June 20, 2010
Bookmarking Obsolete: New Needs & ApproachesMike Elgan's Computerworld post entitled Why Bookmarking is Obsolete brings up several useful and forward thinking points.
He writes about the web's growth since 1991 and says, "even after all these years, the way we find, navigate and save content on the Web works pretty much like it always did. Here's a page with text. Some of the words are hyperlinked, so when you click on them, you open another page. If you want to save something, there's a wide variety of tools that help you do so, but most people use the bookmarking feature built into their browsers, or social bookmarking sites."
The way we discover, find, curate and then access that content for reference later on is changing and needs to change if search and organization of content important to us is going to be truly useful. Enter human curation at its best. Elgan writes about social curation tool Pearltrees, a French-based start-up I consult to.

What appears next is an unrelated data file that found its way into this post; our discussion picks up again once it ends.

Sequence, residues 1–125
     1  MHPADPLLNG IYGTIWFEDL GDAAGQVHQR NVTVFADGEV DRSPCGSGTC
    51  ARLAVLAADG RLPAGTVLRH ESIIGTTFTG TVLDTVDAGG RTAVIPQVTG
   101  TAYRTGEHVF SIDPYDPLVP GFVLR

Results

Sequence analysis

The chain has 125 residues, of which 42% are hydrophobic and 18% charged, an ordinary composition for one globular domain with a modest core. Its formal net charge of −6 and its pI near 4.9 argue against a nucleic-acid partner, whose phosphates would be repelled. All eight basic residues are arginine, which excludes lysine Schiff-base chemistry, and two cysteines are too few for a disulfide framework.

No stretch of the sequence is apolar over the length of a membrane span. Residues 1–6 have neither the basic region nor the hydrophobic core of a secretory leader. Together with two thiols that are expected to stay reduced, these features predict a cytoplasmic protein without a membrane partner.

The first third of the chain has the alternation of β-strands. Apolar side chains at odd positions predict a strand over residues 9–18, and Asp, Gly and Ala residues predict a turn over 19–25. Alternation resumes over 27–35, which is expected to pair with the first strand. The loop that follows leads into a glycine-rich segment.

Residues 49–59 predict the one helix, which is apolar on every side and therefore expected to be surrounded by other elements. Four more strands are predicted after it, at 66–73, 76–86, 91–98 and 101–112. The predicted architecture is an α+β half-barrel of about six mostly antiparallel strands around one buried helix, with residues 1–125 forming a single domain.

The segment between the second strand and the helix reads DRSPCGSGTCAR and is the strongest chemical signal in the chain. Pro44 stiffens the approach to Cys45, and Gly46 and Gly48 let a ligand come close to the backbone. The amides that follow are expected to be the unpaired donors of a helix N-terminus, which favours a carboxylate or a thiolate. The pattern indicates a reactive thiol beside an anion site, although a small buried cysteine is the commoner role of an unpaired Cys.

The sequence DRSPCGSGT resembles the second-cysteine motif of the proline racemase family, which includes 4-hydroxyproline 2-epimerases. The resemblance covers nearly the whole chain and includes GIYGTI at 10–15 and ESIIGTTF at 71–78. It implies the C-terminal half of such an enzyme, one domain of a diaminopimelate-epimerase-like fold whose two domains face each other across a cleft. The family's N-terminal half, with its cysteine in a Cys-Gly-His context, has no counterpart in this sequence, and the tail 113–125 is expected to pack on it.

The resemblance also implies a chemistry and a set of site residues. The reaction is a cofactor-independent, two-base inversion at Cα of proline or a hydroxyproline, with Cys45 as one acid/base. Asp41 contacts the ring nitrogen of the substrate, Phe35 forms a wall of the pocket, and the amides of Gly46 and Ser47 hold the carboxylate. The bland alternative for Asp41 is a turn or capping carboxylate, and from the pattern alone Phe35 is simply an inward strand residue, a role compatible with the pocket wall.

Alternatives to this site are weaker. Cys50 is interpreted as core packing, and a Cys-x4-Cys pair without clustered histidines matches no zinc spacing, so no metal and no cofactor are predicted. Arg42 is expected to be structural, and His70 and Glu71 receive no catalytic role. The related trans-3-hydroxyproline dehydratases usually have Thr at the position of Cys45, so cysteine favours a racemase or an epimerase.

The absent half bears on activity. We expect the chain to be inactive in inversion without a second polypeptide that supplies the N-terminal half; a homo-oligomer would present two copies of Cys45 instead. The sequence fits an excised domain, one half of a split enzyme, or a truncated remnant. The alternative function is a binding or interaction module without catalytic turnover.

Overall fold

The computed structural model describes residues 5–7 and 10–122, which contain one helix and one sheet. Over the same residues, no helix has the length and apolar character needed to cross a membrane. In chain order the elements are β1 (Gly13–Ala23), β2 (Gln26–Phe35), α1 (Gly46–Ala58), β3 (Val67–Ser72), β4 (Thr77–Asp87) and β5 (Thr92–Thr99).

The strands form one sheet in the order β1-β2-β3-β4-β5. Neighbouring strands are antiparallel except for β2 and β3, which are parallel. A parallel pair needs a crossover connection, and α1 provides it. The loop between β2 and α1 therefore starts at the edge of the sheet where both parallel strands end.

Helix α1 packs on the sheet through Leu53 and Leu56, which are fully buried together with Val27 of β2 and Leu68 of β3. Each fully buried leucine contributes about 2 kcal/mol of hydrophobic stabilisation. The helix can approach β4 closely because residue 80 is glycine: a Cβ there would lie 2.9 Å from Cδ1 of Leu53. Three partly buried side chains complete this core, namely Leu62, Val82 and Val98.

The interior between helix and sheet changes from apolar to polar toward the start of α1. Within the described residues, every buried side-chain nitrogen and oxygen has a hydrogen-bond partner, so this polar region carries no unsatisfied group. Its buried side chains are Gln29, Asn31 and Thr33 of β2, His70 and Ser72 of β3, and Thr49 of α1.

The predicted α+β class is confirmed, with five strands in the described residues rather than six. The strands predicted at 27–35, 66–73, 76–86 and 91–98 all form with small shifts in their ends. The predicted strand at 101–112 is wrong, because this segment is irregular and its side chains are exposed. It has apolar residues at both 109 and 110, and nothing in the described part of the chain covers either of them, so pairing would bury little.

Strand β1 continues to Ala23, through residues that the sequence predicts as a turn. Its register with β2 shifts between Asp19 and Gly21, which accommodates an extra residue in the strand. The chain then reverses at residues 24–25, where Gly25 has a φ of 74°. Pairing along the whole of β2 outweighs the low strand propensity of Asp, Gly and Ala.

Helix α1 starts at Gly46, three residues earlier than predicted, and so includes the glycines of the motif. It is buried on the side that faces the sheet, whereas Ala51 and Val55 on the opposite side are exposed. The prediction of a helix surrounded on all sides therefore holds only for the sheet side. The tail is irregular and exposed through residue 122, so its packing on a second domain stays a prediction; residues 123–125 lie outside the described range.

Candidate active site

He explains its differentiation. "If you're a casual Web surfer looking for general content, Google, Bing Yahoo or Wikipedia are probably your best options for finding content. If you care mostly about what your friends think, then Facebook or Twitter or any number of the new social content-sharing tools might satisfy you. But for deep, savvy content, Pearltrees might be the best resource out there. It offers an easy way to find a large number of people who are very passionate about a variety of subjects and who have collected the kind of online content that true aficionados are seeking."
Photo credit: Media Futurist
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